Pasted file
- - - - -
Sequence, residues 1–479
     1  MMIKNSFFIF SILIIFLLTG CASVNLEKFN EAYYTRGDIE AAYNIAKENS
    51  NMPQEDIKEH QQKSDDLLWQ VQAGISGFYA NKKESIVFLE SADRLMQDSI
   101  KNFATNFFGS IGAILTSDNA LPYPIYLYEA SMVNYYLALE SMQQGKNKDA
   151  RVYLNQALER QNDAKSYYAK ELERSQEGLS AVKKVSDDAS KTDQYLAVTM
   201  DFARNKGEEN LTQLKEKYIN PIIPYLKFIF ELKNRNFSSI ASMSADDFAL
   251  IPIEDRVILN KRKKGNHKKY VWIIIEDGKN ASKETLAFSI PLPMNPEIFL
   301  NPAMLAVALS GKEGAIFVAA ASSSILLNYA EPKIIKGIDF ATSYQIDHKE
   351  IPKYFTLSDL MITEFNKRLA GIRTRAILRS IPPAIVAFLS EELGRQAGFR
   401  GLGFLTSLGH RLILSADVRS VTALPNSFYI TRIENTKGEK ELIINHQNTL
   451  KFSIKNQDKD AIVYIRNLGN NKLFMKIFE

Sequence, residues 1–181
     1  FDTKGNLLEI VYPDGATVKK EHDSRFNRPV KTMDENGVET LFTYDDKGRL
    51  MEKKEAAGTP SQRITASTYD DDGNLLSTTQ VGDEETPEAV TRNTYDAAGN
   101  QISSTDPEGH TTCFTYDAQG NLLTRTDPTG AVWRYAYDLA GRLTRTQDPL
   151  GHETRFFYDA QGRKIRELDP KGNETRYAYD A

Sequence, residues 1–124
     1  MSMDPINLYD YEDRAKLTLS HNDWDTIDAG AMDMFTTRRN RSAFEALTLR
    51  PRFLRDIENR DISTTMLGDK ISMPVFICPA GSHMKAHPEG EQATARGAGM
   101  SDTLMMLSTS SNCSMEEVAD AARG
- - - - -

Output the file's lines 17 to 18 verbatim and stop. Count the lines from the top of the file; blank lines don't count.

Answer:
Sequence, residues 1–124
     1  MSMDPINLYD YEDRAKLTLS HNDWDTIDAG AMDMFTTRRN RSAFEALTLR